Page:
Newspaper article The Canadian Press

Wicked Weather and Tornadoes Draw Storm Chasers to Saskatchewan

Newspaper article The Canadian Press

Wicked Weather and Tornadoes Draw Storm Chasers to Saskatchewan

Article excerpt

Weather draws storm chasers to Saskatchewan

--

REGINA - The wind picks up and clouds begin to swirl ominously as a funnel cloud starts to form.

This isn't Kansas and Dorothy isn't about to be swept away to a magical land called Oz. It's a field in Saskatchewan, which storm chasers say is becoming an epicentre for prairie tornadoes this year.

"Storm chasers are going to go wherever the storms are," said Greg Johnson, a man dubbed the tornado hunter.

"People are saying, 'So why is everyone coming to Saskatchewan right now?' Well, because this is where the storms are. The jet stream is positioned correctly so that storms are going to happen in Saskatchewan."

Johnson, who lives in Regina, usually chases storms in the United States in states such as Oklahoma and Texas, where there are more opportunities for severe weather for a longer period of time. But this year, his home turf has been the hot spot.

Johnson and his team intercepted two tornadoes in rural Saskatchewan on Tuesday. Last week, on June 26, they caught another tornado near Moose Jaw. The chases are streamed live on his website tornadohunter.com.

"This season in particular has been really busy in Saskatchewan. We've had more tornadoes than average," he said.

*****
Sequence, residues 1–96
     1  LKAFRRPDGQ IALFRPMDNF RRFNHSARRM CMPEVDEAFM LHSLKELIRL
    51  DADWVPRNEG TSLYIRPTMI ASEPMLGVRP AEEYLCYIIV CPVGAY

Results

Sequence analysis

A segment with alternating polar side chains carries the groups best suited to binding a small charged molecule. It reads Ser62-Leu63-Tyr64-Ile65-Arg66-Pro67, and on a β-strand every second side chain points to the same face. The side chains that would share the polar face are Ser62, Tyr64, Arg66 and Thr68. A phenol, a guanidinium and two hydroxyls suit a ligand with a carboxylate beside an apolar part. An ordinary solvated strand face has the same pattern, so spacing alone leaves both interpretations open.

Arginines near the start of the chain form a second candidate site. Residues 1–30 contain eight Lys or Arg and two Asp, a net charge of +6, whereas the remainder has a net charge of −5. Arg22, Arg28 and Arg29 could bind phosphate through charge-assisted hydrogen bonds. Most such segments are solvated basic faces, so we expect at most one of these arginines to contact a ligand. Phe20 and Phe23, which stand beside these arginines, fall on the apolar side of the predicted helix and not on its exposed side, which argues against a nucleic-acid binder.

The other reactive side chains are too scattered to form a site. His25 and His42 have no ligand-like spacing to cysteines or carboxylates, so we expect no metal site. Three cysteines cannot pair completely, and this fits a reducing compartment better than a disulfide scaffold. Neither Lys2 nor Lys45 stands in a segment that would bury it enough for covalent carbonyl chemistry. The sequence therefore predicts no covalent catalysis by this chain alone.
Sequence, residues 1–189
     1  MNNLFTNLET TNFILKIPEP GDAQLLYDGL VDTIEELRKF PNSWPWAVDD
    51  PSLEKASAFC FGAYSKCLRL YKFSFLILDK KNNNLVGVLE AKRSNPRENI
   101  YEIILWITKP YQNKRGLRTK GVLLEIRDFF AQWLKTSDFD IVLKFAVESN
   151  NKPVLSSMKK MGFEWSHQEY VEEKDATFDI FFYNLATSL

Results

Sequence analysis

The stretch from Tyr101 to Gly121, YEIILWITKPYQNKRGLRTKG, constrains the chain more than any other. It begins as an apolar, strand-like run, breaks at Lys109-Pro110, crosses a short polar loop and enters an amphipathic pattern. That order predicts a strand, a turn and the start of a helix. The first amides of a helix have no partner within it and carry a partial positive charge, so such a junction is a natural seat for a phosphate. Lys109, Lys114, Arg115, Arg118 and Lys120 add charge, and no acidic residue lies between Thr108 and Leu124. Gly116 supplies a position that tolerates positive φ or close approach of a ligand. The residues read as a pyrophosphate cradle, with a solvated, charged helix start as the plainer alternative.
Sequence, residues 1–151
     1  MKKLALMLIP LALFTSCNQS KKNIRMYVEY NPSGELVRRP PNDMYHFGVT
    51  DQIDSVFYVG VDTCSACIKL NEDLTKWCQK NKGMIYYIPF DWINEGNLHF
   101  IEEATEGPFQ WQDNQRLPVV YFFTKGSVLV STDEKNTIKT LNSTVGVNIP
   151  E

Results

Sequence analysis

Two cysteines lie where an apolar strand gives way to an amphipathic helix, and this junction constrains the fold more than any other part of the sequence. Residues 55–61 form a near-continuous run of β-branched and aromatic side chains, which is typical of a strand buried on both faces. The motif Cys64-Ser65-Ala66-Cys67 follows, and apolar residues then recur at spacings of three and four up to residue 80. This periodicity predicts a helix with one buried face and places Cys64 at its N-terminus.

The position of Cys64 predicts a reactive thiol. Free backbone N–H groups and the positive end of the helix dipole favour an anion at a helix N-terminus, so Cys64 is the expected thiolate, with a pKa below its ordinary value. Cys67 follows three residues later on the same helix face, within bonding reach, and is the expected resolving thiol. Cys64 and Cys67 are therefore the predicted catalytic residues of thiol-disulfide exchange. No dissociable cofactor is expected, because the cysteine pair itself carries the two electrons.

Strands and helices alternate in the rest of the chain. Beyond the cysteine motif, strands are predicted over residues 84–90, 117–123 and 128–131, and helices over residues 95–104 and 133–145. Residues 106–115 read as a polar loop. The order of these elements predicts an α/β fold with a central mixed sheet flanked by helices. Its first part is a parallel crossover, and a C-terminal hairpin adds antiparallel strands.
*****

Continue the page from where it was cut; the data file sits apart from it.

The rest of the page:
"Having said that, last year was extremely below average for tornadoes in Saskatchewan. We only had three recorded last year and on average Saskatchewan has 10 to 12.

"This is the thing about weather: it's fickle."

Johnson noted that Saskatchewan has had its share of tornadoes.

On July 2, 2010, an F3 tornado hit the Kawacatoose First Nation, 200 kilometres southeast of Saskatoon. The tornado destroyed more than a dozen homes on the reserve and in the nearby community of Raymore.

Environment Canada said the twister was about 500 metres wide, cut a path 45 kilometres long and may have been on the ground for as long as one hour. There were no fatalities.

"The reality is that they happen in Canada," said Johnson.

"They're equally as devastating, equally as dangerous and, frankly, equally as elusive. …

Search by... Author
Show... All Results Primary Sources Peer-reviewed

Oops!

An unknown error has occurred. Please click the button below to reload the page. If the problem persists, please try again in a little while.